Conservatives slip in new poll

Wed Mar 2, 2011 3:36pm EST
 
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OTTAWA (Reuters) - Although public backing for the Conservatives has slipped, the party would easily retain power with a minority government if an election were held now, according to a poll released on Wednesday.

The Harris Decima survey for the Canadian Press put support for the Conservatives at 36 percent compared with 28 percent for the Liberals. A poll by the same firm two weeks ago had the Conservatives ahead by 37 percent to 25.

The survey was the latest to show the Conservatives comfortably in front of the Liberals ahead of an election that could come as soon as early May. The gap between the two main parties was less than that shown in recent surveys by other firms.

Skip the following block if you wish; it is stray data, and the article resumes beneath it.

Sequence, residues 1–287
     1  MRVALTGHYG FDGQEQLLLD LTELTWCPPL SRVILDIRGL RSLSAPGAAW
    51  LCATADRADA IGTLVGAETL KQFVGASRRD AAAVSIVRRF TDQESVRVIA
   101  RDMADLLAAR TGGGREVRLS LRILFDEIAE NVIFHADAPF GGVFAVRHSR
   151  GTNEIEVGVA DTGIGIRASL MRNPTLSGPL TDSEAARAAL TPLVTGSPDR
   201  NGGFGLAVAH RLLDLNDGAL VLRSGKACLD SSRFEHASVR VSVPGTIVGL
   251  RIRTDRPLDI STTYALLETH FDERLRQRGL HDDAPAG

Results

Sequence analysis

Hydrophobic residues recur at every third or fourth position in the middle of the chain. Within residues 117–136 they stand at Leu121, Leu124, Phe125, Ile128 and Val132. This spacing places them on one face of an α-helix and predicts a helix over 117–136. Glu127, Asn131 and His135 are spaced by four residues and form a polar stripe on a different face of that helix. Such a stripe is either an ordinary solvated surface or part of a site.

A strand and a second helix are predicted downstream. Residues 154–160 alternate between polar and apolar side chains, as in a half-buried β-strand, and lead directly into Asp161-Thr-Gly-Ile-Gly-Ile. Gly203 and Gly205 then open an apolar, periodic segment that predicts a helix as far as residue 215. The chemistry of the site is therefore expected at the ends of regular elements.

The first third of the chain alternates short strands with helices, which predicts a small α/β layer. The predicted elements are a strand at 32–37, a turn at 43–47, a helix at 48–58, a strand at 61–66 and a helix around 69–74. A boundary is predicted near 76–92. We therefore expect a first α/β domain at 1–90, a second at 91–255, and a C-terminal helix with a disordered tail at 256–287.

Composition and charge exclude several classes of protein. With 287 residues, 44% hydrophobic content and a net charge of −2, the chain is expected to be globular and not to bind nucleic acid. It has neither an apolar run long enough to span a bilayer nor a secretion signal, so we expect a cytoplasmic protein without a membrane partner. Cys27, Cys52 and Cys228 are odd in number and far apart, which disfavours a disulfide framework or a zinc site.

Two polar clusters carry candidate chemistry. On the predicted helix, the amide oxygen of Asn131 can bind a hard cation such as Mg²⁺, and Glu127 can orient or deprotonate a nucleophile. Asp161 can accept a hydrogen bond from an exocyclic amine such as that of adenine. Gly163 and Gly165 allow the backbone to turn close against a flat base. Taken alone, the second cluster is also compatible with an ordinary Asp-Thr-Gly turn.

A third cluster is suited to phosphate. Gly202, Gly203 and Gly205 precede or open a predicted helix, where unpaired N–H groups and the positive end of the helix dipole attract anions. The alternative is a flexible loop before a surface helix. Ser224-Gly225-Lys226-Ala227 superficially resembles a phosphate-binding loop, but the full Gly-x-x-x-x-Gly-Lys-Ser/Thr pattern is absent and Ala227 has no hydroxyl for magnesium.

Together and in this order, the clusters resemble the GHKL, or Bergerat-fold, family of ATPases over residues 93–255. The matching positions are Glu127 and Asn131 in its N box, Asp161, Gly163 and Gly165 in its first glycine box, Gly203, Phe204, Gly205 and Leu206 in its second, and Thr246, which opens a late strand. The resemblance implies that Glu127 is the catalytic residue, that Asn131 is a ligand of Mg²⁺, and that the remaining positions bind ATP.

Under Canada's first past the post electoral system, a party needs around 36 percent of the vote to form a stable minority government and 40 percent to capture a majority of the 308 seats in the House of Commons.

The Conservatives came to power in early 2006 and were re-elected in October 2008, both times with minority governments. The next budget is due on March 22 and if all three opposition parties vote against the measure the government would fall.

The Harris Decima survey of 2,020 Canadians was conducted between February 17 and 27 and is considered accurate within plus or minus 2.2 percentage points, 19 times out of 20.

(Reporting by David Ljunggren; editing by Rob Wilson)

 
<p>Prime Minister Stephen Harper speaks about the situation in Libya from the House of Commons foyer on Parliament Hill in Ottawa February 27, 2011. REUTERS/Blair Gable</p>